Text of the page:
Domestic violence is an issue that has ramifications far beyond just the home. We have seen this recently in the news with the tragic events in Sutherland Springs where Devin Patrick Kelley, who had a history of domestic violence, killed 26 people at the church his in-laws attended.
This issue can also have a deep impact at work, as a recent study at the University of Toronto has shown.
They interviewed men who were perpetrators of domestic violence, and learned a lot about how the abuse of their partner continued at their workplace. One-third of the men said they contacted their partner or ex ‘during work hours to engage in emotionally abusive behaviour or to monitor her whereabouts.’
A previous 2015 study by the Conference Board of Canada found that 71 per cent of employers and 55 per cent of government employers reported a situation where they had to protect an employee who was a victim of domestic violence.
It is clear this is having a huge impact in the workplace and one of the most troubling findings of the U of T study is that workplaces are not doing a lot about it.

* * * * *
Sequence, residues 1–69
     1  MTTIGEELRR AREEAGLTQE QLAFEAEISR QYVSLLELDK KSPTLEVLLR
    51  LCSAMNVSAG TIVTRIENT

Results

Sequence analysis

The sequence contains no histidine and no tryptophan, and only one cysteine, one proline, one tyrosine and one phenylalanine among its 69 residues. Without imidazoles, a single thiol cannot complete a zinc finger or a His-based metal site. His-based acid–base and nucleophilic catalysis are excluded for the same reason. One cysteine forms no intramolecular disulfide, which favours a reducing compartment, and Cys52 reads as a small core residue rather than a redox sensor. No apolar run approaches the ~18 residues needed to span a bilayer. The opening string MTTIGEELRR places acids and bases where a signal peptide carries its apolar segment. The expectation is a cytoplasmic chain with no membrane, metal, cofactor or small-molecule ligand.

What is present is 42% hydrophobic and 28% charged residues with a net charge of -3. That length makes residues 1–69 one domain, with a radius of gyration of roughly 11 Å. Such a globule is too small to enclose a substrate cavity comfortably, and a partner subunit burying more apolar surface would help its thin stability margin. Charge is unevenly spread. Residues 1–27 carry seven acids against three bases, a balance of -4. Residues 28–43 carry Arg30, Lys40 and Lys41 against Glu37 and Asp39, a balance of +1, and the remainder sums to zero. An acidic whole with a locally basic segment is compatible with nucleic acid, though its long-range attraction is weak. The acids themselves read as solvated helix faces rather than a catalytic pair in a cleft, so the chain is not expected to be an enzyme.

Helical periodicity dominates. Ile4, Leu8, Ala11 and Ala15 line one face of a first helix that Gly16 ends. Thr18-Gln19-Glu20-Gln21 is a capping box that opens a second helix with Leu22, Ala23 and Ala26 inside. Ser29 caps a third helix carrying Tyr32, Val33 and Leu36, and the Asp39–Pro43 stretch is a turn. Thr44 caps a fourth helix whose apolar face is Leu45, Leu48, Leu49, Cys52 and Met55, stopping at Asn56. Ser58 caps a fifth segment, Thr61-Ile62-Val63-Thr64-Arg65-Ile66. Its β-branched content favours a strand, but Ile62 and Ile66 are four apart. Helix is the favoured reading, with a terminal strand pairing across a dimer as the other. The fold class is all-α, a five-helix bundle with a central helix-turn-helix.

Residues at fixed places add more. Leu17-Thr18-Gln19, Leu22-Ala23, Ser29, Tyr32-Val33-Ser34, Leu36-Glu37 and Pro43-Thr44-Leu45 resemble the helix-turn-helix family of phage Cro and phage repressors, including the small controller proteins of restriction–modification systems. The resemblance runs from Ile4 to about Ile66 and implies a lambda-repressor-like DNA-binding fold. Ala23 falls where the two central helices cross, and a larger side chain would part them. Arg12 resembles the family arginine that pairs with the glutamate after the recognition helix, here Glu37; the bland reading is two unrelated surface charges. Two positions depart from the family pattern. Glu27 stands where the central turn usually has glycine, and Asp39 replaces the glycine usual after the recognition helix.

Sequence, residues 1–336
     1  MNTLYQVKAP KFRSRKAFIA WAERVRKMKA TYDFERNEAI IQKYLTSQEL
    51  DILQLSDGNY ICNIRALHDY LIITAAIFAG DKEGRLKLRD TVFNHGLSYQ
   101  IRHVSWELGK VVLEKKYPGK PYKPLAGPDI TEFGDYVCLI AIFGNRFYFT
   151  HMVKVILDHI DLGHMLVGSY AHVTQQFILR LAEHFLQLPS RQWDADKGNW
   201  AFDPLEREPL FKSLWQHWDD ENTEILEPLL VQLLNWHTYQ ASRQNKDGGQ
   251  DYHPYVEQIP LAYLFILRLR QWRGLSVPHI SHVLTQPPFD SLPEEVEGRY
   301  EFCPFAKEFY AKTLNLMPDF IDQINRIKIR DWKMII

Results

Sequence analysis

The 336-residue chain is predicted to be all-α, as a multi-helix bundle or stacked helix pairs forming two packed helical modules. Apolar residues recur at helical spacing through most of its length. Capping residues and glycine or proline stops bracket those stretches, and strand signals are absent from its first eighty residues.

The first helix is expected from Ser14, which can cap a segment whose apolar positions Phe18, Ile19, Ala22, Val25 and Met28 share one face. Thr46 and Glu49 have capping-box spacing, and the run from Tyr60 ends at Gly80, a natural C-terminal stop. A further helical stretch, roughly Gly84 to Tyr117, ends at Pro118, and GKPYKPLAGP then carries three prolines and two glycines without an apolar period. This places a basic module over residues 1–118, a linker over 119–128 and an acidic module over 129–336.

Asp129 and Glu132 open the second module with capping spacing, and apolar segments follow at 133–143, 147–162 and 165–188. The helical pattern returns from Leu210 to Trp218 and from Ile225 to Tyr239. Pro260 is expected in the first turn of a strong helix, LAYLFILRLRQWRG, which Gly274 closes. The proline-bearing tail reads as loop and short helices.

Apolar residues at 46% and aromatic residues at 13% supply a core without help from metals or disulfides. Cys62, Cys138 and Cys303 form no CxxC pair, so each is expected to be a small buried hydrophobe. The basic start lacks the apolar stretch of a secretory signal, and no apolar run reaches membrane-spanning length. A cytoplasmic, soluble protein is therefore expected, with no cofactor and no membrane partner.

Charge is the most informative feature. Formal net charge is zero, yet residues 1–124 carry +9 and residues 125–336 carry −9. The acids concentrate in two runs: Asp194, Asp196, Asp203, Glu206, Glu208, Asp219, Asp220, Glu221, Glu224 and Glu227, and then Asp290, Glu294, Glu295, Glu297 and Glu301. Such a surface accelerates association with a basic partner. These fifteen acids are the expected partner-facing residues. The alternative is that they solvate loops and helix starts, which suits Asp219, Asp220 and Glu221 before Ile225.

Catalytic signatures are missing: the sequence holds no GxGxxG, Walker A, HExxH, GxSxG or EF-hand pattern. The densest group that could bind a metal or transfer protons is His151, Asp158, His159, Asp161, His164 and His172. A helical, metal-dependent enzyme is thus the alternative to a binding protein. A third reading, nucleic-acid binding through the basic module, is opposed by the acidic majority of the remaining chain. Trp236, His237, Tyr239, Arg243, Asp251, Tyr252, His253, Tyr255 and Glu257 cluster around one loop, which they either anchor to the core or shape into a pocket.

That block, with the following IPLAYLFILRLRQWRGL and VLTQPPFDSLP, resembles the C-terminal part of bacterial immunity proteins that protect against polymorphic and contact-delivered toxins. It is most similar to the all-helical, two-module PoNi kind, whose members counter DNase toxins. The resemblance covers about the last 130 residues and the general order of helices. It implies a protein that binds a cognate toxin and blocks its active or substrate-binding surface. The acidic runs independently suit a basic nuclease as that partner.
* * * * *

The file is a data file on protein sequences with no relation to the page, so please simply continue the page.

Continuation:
They found that no matter the kind of job, level of seniority at the job or years at the job the vast majority of men were not aware of any resources that might help them address this issue.
Lead researcher Katreena Scott said in an interview with CBC news that the first thing to do if you see behaviour that is concerning you is to have a conversation with the person and call out the bad behaviour.
“Then link the person to the kind of resources they might need,” she said. “If we want to make women and children safer we have to start talking to perpetrators. Workplaces need resources and education.”
For more resources in Alberta that can help people in a domestic violence situation visit the Government of Alberta website or call the family violence info line at 310-1818.